A2：Intrinsic value is terribly important but very fuzzy. We try to work with businesses where we have fairly high probability of knowing what the future will hold. If you own a gas pipeline, not much is going to go wrong. Maybe a competitor enters forcing you to cut prices, but intrinsic value hasn’t gone down if you already factored this in. We looked at a pipeline recently that we think will come under pressure from other ways of delivering gas [to the area the pipeline serves]. We look at this differently from another pipeline that has the lowest costs [and does not face threats from alternative pipelines]. If you calculate intrinsic value properly, you factor in things like declining prices.
When we buy business, we try to look out and estimate the cash it will generate and compare it to the purchase price. We have to feel pretty good about our projections and then have a purchase price that makes sense. Over time, we’ve had more pleasant surprises than we would have expected.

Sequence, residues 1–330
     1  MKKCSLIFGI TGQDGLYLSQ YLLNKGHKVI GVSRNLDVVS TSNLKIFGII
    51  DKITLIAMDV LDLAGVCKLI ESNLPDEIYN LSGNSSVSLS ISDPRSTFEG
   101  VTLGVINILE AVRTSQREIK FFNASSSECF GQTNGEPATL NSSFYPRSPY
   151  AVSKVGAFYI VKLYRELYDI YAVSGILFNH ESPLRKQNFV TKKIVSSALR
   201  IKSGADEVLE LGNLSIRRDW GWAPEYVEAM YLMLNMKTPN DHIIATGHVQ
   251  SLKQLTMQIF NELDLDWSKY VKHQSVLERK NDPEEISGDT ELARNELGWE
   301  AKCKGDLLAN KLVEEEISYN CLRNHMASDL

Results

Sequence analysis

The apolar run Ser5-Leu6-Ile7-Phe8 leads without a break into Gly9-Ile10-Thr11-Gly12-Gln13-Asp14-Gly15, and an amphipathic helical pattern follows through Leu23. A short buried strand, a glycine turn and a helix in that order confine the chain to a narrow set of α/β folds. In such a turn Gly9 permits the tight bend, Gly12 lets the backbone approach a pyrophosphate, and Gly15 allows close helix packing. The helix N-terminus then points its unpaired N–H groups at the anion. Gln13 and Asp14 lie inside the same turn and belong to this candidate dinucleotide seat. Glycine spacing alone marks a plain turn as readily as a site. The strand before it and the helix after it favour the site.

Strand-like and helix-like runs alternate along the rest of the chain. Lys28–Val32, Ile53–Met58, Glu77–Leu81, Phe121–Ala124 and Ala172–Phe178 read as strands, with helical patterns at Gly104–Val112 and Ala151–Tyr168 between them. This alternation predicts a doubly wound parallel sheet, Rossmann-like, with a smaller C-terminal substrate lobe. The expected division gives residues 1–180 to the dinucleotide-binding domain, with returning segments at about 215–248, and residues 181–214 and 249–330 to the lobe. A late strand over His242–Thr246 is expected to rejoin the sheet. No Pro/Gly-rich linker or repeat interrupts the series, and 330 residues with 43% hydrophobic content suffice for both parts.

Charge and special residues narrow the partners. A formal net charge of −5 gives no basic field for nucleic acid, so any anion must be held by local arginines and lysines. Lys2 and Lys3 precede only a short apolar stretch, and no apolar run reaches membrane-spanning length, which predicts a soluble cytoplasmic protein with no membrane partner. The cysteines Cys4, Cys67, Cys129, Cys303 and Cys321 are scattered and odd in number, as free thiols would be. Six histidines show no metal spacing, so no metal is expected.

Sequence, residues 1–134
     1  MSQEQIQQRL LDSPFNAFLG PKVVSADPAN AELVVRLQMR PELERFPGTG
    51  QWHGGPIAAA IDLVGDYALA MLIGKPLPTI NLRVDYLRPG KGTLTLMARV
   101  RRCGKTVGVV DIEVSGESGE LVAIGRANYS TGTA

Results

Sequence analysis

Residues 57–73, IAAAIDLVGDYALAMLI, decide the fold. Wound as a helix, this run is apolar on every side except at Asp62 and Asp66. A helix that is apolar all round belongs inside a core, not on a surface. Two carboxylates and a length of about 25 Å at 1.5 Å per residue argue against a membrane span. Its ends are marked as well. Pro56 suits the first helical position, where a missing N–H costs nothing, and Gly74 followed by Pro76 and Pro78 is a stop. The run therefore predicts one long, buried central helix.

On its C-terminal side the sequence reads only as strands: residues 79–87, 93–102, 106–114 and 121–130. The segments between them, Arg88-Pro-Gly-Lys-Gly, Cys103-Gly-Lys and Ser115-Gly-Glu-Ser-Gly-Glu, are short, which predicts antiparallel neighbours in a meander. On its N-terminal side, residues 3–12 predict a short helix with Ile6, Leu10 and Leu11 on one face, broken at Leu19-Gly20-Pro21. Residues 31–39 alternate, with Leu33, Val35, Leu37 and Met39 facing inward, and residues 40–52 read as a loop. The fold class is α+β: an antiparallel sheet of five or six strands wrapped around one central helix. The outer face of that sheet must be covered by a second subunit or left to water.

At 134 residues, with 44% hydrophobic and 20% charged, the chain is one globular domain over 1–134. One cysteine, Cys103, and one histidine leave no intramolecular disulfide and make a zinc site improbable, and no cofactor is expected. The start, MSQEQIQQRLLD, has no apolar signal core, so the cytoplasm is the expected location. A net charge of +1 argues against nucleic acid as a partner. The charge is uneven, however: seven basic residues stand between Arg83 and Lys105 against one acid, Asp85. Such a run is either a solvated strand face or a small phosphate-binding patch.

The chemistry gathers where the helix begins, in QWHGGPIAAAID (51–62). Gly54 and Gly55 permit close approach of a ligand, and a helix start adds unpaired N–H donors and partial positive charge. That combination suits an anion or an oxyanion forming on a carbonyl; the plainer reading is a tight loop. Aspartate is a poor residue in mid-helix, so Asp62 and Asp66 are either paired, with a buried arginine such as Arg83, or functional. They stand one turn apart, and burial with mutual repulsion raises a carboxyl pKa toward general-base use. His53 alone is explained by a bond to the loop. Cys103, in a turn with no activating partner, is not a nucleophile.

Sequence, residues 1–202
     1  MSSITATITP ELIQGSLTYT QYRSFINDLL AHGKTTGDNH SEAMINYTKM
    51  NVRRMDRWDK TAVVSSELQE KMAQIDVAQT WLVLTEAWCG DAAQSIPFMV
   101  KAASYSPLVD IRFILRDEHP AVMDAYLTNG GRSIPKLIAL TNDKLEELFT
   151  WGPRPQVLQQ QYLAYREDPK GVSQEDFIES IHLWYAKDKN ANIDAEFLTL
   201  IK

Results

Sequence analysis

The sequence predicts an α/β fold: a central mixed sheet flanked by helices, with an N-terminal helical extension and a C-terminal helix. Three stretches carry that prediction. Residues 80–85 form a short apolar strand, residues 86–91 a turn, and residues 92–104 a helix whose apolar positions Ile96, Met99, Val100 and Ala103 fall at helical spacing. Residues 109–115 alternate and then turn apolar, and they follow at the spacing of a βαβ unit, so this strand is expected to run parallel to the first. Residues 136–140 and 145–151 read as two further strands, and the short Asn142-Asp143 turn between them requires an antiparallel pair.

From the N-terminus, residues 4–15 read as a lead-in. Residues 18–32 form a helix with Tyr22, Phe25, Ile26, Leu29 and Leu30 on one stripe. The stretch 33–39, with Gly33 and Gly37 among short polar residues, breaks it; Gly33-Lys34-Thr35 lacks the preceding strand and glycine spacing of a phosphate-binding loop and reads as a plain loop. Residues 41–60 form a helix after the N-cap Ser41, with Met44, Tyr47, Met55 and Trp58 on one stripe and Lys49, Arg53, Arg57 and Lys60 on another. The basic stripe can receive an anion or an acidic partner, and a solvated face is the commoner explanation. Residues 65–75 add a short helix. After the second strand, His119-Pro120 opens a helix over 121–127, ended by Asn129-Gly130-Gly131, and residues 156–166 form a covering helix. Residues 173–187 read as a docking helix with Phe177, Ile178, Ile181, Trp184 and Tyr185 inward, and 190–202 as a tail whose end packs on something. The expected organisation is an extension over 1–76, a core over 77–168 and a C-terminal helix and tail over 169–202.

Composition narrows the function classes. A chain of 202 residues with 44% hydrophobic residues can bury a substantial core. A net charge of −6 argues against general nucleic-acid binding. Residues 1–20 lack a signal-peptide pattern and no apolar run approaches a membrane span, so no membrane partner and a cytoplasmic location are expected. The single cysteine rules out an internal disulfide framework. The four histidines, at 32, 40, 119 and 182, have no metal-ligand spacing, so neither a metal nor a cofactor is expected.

I’ve never seen an investment banker’s book in which future earnings are projected to go down. But many businesses’ earnings go down. We made this mistake with Dexter shoes — it was earning $40 million pretax and I projected this would continue, and I couldn’t have been more wrong. 20% of Fortune 500 companies will be earning significant less in five years, but I don’t know which 20%. If you can’t come up with reasonable estimates for that, then you move on.
Q3: What do you believe to be the most important tools in determining intrinsic value? What rules or standards do you apply when using these tools?